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the project

After two volumes of vocal music drawn largely from the sacred/classical tradition, The Music of Armenia, Volume Three may seem like a complete departure. This is after all, a collection devoted to traditional/folk music for the wind instrument known as duduk. But as is so often the case with Armenian music, there are long–standing connections between these apparently distinct styles. Not only are the traditions of Armenian classical and folk music intertwined, with their common roots in ancient bardic and epic songs, but some songs from the medieval sacred repertoire have recently made their way into the duduk players' arsenal as well, like Vasn mero perkutian (track 15), in part due to the playing of Gevorg Dabagian. And the duduk's soft, reedy sound has an almost vocal quality that makes it nearly as songful and soulful as the voices heard in the first two volumes.

Of all the instruments played in Armenia, the duduk is perhaps the most truly Armenian. Other traditional instruments can all be traced back to ancestoral instruments from the Arabic world, but the duduk appears to be specific to Armenia. Small wonder, then, that many Armenians consider the duduk to be the instrument that most eloquently expresses the warmth, the joy, and the tragedy of Armenia.

Many of these pieces are simply instrumental transcriptions of what were originally vocal works. Others are old melodies that have come to be associated with the duduk; if they had words originally, they have long been lost. And some of the pieces come from one of Armenia's most unusual sources of music: the troubadour/poets known as ashugh.

the artists

Gevorg Dabagian is among the most important duduk players in Armenia today. Not only a great virtuoso player, he is also one of the first to perform excerpts from the Divine Liturgy of the Armenian church on the duduk, a double–reed wind instrument developed nearly 1,500 years ago. Its signature tone is plagent, mournful, and slightly nasal, but it is also capable of tender lyricism and genuine, if somewhat subdued energy. Dabagian is especially famous for his interpretations of the works of Sayat Nova, and his performances of traditional Armenian folk music are considered by purists to be free of foreign influence. He studied at the Yerevan State Conservatory, where he now teaches; in addition, he is the leader of the Shoghaken Folk Ensemble.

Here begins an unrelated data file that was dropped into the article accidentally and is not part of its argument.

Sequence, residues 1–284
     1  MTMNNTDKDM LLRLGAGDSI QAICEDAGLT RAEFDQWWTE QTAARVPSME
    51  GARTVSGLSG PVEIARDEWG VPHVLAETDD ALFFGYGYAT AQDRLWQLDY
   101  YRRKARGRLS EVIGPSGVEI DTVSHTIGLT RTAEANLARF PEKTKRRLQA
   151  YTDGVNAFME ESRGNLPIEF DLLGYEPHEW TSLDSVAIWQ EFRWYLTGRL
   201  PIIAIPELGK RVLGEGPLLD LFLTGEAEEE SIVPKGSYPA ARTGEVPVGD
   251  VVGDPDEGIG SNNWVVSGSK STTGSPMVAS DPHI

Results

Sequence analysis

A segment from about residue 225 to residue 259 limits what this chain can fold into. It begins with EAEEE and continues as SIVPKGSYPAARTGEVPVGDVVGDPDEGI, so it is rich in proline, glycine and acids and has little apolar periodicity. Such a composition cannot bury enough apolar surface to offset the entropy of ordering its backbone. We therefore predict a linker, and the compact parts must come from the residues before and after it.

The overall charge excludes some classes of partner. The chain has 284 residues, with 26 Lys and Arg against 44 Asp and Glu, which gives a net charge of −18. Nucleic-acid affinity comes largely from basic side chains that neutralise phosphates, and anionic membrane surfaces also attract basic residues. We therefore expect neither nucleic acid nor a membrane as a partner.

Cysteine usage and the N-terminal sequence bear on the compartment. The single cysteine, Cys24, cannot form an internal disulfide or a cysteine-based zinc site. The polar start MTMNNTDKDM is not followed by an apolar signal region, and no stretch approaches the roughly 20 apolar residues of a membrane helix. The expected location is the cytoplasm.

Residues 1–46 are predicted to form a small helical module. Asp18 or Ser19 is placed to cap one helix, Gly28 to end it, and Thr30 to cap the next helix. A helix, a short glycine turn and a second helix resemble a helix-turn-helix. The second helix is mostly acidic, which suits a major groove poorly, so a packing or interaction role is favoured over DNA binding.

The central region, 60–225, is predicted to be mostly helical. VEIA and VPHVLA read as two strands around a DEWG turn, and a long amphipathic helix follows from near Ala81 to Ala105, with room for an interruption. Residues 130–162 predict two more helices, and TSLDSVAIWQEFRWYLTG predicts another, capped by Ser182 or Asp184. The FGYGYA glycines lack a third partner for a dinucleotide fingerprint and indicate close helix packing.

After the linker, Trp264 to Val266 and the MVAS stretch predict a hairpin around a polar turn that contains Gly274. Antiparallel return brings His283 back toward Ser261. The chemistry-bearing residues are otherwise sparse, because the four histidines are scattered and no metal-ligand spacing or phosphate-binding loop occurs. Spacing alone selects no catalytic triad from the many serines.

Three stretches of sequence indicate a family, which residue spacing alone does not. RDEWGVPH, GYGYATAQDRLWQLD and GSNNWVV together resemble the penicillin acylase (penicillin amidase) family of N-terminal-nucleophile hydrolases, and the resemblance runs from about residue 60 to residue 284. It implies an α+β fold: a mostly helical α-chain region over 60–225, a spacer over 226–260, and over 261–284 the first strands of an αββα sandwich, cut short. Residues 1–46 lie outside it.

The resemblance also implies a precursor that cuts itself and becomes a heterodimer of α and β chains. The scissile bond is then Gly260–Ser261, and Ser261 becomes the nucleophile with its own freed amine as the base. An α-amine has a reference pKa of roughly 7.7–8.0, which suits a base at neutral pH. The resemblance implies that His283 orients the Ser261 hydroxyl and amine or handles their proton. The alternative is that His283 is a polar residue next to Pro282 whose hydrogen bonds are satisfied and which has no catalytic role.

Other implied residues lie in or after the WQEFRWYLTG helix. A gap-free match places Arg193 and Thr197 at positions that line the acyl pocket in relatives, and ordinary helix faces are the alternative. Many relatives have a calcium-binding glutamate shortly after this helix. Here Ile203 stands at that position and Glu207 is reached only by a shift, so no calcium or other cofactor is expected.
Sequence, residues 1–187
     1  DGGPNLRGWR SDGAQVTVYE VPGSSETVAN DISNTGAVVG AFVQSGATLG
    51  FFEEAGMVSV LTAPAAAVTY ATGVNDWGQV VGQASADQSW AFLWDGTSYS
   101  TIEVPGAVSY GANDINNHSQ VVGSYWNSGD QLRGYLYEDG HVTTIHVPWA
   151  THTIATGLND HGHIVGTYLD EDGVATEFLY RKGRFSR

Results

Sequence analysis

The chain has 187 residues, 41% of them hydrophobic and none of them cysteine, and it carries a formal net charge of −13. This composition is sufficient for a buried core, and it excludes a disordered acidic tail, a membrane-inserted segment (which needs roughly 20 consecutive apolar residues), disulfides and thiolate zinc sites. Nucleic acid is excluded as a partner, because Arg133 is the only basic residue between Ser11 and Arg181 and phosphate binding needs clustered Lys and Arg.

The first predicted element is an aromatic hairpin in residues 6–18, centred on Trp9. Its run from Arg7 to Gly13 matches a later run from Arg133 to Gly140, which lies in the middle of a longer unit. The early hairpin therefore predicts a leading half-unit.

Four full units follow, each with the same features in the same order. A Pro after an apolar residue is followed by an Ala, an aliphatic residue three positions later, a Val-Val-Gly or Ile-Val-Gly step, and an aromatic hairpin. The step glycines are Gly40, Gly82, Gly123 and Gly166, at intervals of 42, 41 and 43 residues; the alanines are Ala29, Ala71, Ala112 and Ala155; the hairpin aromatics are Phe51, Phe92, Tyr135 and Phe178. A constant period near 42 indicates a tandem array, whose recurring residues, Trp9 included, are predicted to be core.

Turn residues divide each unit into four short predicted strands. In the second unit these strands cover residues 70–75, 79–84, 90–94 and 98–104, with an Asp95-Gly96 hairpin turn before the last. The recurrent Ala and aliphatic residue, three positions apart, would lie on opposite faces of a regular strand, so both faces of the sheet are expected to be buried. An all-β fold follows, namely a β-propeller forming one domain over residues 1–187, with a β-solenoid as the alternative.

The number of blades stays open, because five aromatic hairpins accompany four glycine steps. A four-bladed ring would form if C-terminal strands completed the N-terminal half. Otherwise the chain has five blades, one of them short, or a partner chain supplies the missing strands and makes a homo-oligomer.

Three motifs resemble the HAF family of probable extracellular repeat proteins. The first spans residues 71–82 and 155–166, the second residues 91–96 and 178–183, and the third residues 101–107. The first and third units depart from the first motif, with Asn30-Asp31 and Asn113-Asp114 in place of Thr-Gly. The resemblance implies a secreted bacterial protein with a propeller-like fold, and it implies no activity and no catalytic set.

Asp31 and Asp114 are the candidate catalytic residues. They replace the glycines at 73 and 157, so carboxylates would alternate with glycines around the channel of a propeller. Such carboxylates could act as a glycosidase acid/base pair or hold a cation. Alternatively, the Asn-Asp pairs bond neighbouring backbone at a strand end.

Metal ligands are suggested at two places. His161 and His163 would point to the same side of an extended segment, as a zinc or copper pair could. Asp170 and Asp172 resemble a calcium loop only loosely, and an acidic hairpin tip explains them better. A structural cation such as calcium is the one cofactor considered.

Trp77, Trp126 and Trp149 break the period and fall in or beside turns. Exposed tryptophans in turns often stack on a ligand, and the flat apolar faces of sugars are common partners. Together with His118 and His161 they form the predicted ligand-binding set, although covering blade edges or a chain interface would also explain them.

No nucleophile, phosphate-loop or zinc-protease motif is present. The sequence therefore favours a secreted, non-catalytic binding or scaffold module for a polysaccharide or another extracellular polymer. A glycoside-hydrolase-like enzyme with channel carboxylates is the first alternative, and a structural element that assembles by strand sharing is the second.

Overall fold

Gevorg Dabagian is the soloist, but the duduk is never played alone. A second duduk (or even a small group of duduk players) will always accompany the lead player with a drone, creating a musical environment for the lead duduk's melody. The duduk dam, or drone accompaniment, is provided by Girgor Takushian and Eduard Harutunian. Kamo Khachaturian, one of Armenia's most sought–after percussionists, plays the dhol two-headed drum.


1 Hovern enkan (A cool breeze is blowing.) 4'35"
2 Amen aravot (Every morning.) 3'41"
3 Akh im champen (Ah, my road.) 3'42"
4 Es gisher, lusnak gisher (Tonight the moon is full.) 3'36"
5 Kali yerg (Harvest song.) 5'36"
6 Kamantcha 3'01"
7 Kezanits mas chunem (I miss you.) 4'54"
8 Dle yaman 4'16"
9 Tui tui 2'40"
10 Yes mi tsar em tsirani & tsirani bar mi tar (The apricot tree medley.) 4'36"
11 Vorskan akhper (Brother hunter.) 4'55"
12 Ashkhares mi panjara ye (The world is a window.) 2'59"
13 Tsarere tsahgum en (The trees are in bloom.) 4'20"
14 Pailun arusiak (Shining Arusiak.) 3'00"
15 Vasn mero perkutian (For us to be saved.) 2'31"
16 Chachaneh tsaghadzoreh 2'50"
17 Me khosk unim (I have a word for you.) 4'24"
18 Alashkerti cochari 3'53"
  Total Time: 71'35"